Malone’s piece includes other allegations of Minhaj conflating timelines and seemingly embellishing or fabricating for dramatic effect—namely, suggesting that he went to the Saudi Embassy in an attempt to interview Mohammed bin Salman as news broke of Khashoggi’s murder, when the meeting had actually taken place at least a month before, and falsely alleging that Jared Kushner had sat in a ceremonious seat for an imprisoned Saudi activist at a Time 100 Gala. The article also mentions female former Patriot Act employees suing the show for alleged discrimination, harassment, and retaliation (the matter was settled out of court, per the New Yorker).

So is that a wrap on Minhaj’s response?

Almost. Minhaj apologizes and promises to be “more thoughtful” about how he tells his stories from now on. He also promises that he’s not a “psycho,” like how he believes the New Yorker article portrays him to be, but “just a guy with IBS and low sperm motility.” However, he suggests that the piece should have been more about the line between truth and storytelling in his stand-up overall, asserting that he’s told more truths than lies. Minhaj takes specific umbrage with two of the article’s lines—the first, that “much of” his stories in his stand-up actually “never happened to him.” He says this is false, that nearly all of his stories in his specials happened to him, only “some of it didn’t.”

Minhaj also rebukes the final line of the piece, which he recounts as “… he told me, ‘The emotional truth is first. The factual truth is secondary.’ ” He proceeds to provide audio tape of the interview with the full quote, wherein he explains that there’s a difference between the Hasan Minhaj on Patriot Act or The Daily Show—where “the truth comes first” and comedy sometimes comes “second to infotainment”—and the Hasan Minhaj in his stand-up. The New Yorker’s final quote about valuing the “emotional truth” over the “factual truth,” he says, comes from him talking about the latter.

But, here’s the thing: The full final quote in the article is, “When it comes to his stage shows, he told me, ‘the emotional truth is first. The factual truth is secondary.’ ” And, toward the beginning of the article, Malone does explicitly explain Minhaj’s thought about the differentiation between the two versions of himself, as he relays in the audio recording played in his response video. In that paragraph, Malone writes that Minhaj “drew a hard line between his hosting duties on Patriot Act and his stage work” in their conversation, specifically stating that he was adamant that “in Patriot Act, his comedic license took a back seat to the information being conveyed.” However, Malone soon poses the question of how “most people likely don’t parse which Hasan Minhaj they’re watching at a given moment.” So Minhaj’s approach is included in full in the New Yorker piece, although it’s true that splitting the final quote from the earlier, more exhaustive paragraph could be misleading to some.

OK—so who was right and who was wrong?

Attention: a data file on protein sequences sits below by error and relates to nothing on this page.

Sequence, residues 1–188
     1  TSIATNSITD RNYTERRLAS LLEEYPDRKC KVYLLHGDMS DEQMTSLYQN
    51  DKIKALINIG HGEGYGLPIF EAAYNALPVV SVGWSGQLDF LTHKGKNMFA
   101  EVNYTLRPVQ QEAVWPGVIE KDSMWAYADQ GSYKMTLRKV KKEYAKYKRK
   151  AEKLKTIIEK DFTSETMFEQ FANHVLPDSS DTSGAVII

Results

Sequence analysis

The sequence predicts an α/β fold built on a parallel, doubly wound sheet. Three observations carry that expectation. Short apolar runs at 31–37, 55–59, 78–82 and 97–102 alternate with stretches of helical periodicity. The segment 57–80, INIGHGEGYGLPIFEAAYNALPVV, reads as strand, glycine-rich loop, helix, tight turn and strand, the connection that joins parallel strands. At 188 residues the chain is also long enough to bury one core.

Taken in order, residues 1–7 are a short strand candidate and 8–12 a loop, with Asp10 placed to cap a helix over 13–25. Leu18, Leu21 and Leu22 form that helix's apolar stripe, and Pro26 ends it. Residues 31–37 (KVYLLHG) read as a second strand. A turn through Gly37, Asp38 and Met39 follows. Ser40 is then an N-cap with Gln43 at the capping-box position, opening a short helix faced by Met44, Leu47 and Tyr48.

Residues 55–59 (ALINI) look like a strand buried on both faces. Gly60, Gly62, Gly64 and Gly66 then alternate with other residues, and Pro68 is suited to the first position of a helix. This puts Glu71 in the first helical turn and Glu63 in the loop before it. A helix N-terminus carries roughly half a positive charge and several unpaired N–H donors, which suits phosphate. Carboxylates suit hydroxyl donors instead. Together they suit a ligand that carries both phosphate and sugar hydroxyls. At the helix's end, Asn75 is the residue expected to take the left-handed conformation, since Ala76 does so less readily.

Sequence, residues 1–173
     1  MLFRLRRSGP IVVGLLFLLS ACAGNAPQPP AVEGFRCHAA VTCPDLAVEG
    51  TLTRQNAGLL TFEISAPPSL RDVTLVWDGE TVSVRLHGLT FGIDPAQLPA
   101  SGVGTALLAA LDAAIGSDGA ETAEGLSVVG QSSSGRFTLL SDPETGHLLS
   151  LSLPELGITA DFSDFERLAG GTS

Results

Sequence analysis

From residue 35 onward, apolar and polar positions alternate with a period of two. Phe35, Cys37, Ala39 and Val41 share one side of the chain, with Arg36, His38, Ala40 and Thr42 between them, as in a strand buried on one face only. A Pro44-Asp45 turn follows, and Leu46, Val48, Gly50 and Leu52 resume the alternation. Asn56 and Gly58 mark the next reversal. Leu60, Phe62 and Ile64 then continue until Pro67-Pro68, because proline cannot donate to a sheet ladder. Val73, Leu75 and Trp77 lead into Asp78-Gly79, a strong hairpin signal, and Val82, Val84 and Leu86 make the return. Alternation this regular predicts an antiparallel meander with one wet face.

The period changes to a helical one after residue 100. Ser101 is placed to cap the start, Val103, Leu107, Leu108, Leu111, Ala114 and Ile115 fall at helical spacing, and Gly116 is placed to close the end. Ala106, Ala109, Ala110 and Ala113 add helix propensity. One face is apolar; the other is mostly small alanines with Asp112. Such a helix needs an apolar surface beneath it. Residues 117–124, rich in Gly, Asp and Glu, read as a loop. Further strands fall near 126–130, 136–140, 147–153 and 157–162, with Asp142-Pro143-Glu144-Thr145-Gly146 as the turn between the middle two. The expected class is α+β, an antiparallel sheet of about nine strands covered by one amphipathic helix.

Almost everything the New Yorker article alleges appears to line up with Minhaj’s version of the facts, except for some of the details of the prom date story.

And yet, it still leaves a weird taste in the mouth. Why does it look so bad for the New Yorker?

Hearing a person—and a very charismatic one, at that—actually advocating for himself is almost always going to feel more emotionally arresting than whatever reading an article can provide. Furthermore, some onlookers may have read the tone or thrust of the New Yorker article as more or less exposing Minhaj and authoritatively drawing hard lines in the sand as to what is the “truth,” leaving the magazine open to criticism when its own “truth” is called into question, no matter how big or small the refutations.

Has the New Yorker responded?

Yes. Clare Malone posted a statement to her social media:

Hasan Minhaj confirms in this video that he selectively presents information and embellishes to make a point: exactly what we reported. Our piece, which includes Minhaj’s perspective at length, was carefully reported and fact-checked. It is based on interviews with more than 20 people, including former Patriot Act and Daily Show staffers; members of Minhaj’s security team; and people who have been the subject of his standup work, including the former F.B.I. informant “Brother Eric” and the woman at the center of his prom-rejection story. We stand by our story.

It seems we may now be at an impasse. What do you think, have the tides turned for Minhaj?

It’s hard to understate how much the New Yorker article cost him when it first ran: his credibility, potentially the Daily Show star gig, and tons of unmitigated support from members of his community and beyond. Now, it seems he has already gained back substantial support from fans who believe him. It remains to be seen whether both parties can move on amicably now, but I have a feeling this might get even messier. If it does—you know where to find me.